Many have declared the practice of nuclear arms control to be dead or dying. This was especially true after the Carter administration pulled the plug on SALT II in 1979. Here’s a sampler:
Arms control has essentially failed. Three decades of U.S.-Soviet negotiations to limit arms competition have done little more than to codify the arms race.
— Les Gelb, 1979
A very strong case can be made that we’ve come to the end of the road with traditional arms control agreements.
— Zbigniew Brzezinski, 1984
I think New York City is essentially ungovernable because of its size, but that doesn’t mean they shouldn’t keep trying and fill up the potholes that we find. I don’t think broad, verifiable arms control agreements are “do-able,” but that doesn’t mean we shouldn’t try to do useful things at the margins.
— Helmut Sonnenfeldt, 1984
Ongoing technological change makes the likelihood of meaningful arms control agreements involving only offensive strategic arms even less likely than in the past.”
— The Heritage Foundation, 1985
In 1987, Albert Carnesale and Richard Haass published an edited volume, Superpower Arms Control: Setting the Record Straight. These wise men found slim pickings:
What is most striking about the arms control experience surveyed here is what it did not do. Those who hoped arms control would bring about major reductions in existing or planned inventories or slow the introduction of new and more capable technologies have little grounds for satisfaction. Nor do those who looked to arms control as a means of constraining the emergence of a large, modern Soviet arsenal capable of destroying a significant proportion of U.S. strategic retaliatory forces… What emerges above all is the modesty of what arms control has wrought. Expectations, for better or worse, for the most part have not been realized… If the history reveals anything, it is that arms control has proved neither as promising as some had hoped nor as dangerous as others had feared.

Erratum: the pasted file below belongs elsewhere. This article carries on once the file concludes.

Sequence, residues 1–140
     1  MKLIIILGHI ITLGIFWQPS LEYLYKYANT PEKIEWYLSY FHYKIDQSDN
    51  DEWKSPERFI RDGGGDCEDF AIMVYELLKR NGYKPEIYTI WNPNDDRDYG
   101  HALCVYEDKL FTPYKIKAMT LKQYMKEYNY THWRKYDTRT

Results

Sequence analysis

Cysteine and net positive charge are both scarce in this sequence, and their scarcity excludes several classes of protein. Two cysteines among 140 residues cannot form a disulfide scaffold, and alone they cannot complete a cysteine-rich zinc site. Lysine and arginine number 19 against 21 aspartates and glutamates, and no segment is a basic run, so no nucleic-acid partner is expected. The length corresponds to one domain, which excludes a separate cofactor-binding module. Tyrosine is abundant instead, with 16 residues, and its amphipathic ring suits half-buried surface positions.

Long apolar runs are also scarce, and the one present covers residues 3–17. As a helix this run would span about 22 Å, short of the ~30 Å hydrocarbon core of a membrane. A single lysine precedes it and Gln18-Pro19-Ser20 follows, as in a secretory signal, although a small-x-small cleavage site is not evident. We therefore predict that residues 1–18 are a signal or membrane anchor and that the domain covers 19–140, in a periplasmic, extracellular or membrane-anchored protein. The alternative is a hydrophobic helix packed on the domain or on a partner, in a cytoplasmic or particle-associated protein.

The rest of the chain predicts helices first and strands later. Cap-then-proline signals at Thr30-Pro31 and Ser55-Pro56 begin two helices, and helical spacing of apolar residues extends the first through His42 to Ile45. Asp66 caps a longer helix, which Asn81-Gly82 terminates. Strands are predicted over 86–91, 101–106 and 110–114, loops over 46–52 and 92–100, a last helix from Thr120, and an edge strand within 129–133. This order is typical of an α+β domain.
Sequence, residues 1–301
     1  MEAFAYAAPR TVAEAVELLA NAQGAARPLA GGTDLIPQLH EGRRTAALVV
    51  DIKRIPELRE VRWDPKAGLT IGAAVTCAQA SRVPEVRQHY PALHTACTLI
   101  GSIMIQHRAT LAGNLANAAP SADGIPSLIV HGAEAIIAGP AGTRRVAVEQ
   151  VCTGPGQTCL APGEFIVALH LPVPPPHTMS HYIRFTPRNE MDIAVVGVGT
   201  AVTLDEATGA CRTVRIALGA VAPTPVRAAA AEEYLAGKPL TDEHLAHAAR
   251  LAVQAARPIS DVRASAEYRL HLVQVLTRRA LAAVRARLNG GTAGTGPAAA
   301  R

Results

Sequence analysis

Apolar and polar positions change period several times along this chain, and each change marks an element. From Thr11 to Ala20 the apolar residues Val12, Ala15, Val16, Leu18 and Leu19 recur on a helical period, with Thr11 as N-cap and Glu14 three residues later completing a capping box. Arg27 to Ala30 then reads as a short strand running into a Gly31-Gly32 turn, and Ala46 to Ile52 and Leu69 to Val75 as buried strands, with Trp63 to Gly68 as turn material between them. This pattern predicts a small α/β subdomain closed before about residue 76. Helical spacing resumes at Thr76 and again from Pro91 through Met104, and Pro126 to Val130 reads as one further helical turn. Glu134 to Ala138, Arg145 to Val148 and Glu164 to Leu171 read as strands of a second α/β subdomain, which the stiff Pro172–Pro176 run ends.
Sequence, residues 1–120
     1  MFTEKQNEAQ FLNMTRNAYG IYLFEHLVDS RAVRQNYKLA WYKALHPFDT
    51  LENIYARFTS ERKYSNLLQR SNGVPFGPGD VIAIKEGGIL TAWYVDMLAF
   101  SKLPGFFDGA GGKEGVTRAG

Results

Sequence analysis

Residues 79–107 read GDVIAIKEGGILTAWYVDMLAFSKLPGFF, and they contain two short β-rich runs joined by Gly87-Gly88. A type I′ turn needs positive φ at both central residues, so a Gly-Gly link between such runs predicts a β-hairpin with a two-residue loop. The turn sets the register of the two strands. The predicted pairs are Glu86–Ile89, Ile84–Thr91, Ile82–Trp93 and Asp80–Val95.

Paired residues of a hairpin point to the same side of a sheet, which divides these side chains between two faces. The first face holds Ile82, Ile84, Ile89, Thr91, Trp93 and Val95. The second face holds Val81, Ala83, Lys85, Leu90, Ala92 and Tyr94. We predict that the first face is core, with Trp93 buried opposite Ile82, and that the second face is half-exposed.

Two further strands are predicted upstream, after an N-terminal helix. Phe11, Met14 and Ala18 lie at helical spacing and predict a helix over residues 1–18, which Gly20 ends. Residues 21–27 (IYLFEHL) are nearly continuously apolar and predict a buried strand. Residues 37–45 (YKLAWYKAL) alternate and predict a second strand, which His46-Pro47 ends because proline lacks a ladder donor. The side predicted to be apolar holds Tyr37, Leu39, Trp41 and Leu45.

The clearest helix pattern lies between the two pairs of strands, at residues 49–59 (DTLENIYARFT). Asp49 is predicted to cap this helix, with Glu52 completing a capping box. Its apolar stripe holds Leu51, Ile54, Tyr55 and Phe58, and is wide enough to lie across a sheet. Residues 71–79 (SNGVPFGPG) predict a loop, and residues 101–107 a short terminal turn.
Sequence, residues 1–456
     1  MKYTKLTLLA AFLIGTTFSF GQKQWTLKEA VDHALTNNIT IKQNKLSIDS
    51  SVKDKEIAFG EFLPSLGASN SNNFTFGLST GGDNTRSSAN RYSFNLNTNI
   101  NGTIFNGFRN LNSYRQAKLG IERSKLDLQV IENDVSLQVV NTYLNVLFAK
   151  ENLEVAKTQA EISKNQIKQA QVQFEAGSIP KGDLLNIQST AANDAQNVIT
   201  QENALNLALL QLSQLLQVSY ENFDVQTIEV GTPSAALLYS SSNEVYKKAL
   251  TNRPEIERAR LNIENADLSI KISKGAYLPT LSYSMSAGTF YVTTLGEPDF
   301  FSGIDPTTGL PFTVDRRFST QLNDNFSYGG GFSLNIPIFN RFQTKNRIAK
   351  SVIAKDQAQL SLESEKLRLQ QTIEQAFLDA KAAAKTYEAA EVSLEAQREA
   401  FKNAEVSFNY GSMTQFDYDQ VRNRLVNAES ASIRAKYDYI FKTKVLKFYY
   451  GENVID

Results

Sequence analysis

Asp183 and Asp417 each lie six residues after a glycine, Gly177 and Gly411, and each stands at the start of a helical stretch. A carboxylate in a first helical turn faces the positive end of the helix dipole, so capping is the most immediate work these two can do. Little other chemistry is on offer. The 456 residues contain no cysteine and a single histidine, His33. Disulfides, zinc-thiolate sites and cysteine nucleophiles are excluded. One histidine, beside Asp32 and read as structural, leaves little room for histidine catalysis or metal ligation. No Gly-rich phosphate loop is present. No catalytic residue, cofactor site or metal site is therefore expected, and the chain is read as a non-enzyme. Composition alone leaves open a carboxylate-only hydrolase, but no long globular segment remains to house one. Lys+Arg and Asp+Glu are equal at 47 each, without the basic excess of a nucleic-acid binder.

Later that year, the INF Treaty abolishing three rungs of the escalation ladder was finalized. As Paul Warnke used to say, rumors of the death of arms control are always premature; the more some succeed in killing the enterprise, the more others will be obliged to reinvent it.
To those ACW readers who celebrate holidays this season, and to those who do not: May peace be upon you.